Like any parent, Brittany Young has scores of photos of her four children, whether they’re celebrating the holidays, visiting Disney World or just goofing around. But it’s a picture of her son Kellen at Boston Children’s Hospital that has the potential to bring tears to a viewer’s eyes. Surrounded by his care team, Kellen sits in his hospital bed, a wide smile on his face. There, amid the stuffed toys and colorful blankets, rests a seemingly innocuous item: a package of Pampers. Yet for Kellen and his family, those diapers mean so much more. They’re a sign that this little boy’s newly transplanted kidney is working just as it should.
Learning a new language
For his first 9 weeks of life, Kellen was much like any other baby. He smiled, cried and cooed — until breathing difficulties landed him in his local South Florida hospital. What was first believed to be an ordinary upper respiratory infection turned out to be far more serious. He stopped urinating, and doctors determined that his breathing problems were the result of airway pressure from severe fluid retention. He was diagnosed with congenital nephrotic syndrome, a rare condition that would eventually require a kidney transplant.
Kellen was transferred to a larger hospital in Miami, where complete kidney failure led to the removal of both of his kidneys. There, he spent 9 months on hemodialysis, taking five different blood pressure medications and trying to gain weight, to no avail. The excitement of having a new baby was tempered by the shock that Kellen would need a new kidney. “We thought that kidney disease was something only older people experienced,” says Brittany. “It was like learning a whole new language.”
‘Where we needed to be’
By the time he was 11 months old, he only weighed 11 pounds — only half of the goal weight necessary before he could undergo a transplant. His parents knew they needed to take action. “Through my research, I learned that Boston Children’s had successfully transplanted the most kidneys in children under the age of 2 and as small as 14 pounds,” explains Brittany. “I knew that this was where we needed to be.”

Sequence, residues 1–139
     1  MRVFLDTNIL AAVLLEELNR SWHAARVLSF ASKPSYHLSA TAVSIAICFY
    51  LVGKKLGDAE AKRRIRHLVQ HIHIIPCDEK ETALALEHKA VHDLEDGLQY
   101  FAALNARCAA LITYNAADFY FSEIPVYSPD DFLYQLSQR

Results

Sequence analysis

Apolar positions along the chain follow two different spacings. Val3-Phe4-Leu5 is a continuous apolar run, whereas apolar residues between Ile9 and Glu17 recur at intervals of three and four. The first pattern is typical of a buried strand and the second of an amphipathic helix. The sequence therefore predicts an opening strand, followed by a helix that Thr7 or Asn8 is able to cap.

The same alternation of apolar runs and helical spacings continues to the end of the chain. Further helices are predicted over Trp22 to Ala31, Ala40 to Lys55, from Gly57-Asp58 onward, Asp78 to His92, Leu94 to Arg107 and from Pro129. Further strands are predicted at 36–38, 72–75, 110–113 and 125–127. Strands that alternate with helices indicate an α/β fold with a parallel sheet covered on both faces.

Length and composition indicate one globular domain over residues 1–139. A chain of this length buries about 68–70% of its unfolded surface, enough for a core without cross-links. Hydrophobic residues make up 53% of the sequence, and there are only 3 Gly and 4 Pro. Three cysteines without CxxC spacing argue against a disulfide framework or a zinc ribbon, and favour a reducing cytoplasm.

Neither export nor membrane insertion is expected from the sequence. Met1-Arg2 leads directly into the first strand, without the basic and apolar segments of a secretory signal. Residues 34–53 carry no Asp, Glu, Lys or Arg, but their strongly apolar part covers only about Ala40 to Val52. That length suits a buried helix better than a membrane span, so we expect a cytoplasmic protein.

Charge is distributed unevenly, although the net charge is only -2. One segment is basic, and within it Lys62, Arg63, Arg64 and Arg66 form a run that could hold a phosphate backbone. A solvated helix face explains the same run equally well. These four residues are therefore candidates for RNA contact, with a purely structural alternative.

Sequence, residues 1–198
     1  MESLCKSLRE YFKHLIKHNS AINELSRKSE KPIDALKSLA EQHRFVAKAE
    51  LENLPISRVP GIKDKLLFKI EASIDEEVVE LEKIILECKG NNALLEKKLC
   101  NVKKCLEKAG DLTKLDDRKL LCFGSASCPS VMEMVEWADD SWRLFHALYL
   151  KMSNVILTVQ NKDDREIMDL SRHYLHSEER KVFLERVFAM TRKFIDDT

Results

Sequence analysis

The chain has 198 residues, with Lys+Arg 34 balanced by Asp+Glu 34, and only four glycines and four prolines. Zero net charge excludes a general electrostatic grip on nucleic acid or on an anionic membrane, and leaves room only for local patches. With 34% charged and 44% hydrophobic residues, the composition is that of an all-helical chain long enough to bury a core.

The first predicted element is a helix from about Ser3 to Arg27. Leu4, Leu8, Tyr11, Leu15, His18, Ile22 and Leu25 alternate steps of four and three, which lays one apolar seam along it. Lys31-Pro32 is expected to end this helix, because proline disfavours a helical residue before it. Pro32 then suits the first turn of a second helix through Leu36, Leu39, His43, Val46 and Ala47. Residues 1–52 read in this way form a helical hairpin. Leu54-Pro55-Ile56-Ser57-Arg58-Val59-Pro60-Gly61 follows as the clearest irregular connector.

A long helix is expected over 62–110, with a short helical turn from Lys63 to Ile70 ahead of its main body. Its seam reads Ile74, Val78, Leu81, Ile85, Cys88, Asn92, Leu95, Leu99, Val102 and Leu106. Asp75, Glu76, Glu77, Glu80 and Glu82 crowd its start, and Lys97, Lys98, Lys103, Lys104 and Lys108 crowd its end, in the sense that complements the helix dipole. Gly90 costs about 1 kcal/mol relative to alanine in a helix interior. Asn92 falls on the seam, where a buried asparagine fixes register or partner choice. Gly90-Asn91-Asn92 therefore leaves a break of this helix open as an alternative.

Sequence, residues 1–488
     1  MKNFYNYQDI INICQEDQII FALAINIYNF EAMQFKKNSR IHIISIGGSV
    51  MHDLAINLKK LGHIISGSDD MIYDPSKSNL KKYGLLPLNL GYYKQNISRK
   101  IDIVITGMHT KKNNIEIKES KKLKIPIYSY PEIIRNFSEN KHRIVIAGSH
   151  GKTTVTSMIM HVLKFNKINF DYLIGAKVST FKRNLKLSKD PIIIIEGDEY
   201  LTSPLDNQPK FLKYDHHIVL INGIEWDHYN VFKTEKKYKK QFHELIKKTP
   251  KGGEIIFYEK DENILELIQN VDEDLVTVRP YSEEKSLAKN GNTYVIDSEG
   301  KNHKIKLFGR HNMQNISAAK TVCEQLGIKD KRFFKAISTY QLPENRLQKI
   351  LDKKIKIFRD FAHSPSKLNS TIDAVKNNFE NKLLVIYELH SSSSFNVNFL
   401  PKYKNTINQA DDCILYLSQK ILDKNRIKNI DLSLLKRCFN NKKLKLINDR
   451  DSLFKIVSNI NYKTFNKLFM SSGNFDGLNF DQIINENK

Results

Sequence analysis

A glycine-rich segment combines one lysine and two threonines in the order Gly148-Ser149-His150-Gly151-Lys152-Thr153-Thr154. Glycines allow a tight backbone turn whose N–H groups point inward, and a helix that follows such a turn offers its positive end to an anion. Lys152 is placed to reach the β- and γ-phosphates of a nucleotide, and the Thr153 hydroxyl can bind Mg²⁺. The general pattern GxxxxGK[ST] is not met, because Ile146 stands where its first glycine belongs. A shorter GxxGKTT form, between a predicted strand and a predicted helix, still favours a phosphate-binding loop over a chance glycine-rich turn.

They had barely arrived in Boston when Brittany began to notice changes to her son’s care. Upon reviewing Kellen’s history, Dr. William Harmon made a surprising recommendation, decreasing his number of blood pressure medications from five to just one within a month. “He asked us to trust him,” Brittany recalls of the late physician. “And we did.”
Taking a deep breath
After a 6-month stay in Boston, Kellen and Brittany — now pregnant with his younger brother — commuted back and forth from a relative’s home on Cape Cod for regular checkups and near-daily dialysis appointments. But on a Friday in late April last year, there seemed to be a new wrinkle: He developed a bacterial infection in his dialysis catheter and was admitted to Boston Children’s so it could be replaced surgically. The hope for a new kidney seemed further away than ever.
Yet the very next day, Kellen and Brittany were at his regular dialysis appointment when they got stunning news. “I know this has been hard, but he’s doing great,” a nurse told her. “And I want you to take a deep breath — because there’s a kidney coming, and it looks like a good match.” Kellen received his new kidney that Monday in a procedure performed by Dr. Heung Bae Kim and Dr. Khashayar Vakili in the Pediatric Transplant Center’s Kidney Transplant Program.
Joy, not fear
Now, nearly a year later, the difference in Kellen’s health is “like night and day,” says Brittany. No longer a fragile boy, he’s running, climbing at the playground, swimming and rocking out to the Beatles — and is largely inspired by his younger brother, Daniel, who was born in Boston during the family’s stay. “Seeing him hit his milestones has been Kellen’s biggest motivator,” says his mom. “They’re incredibly close.”
Kellen, who also sees transplant nephrologists Drs. Michael Ferguson, Nancy Rodig, Michael Somers and Avi Traum, still makes regular trips north for follow-up care, but the 4-year-old remembers the hospital with joy, not fear. During a recent visit, he swung by the dialysis unit and 10 South to say hello to the nurses who cared for him. “He’s like the mayor of Boston Children’s, waving at everyone,” laughs Brittany. “His nurses remember a sick little baby and they’re so surprised to see him just running toward them. He’s so energetic now that he wears me out — and I love it.”
Learn about the Kidney Transplant Program.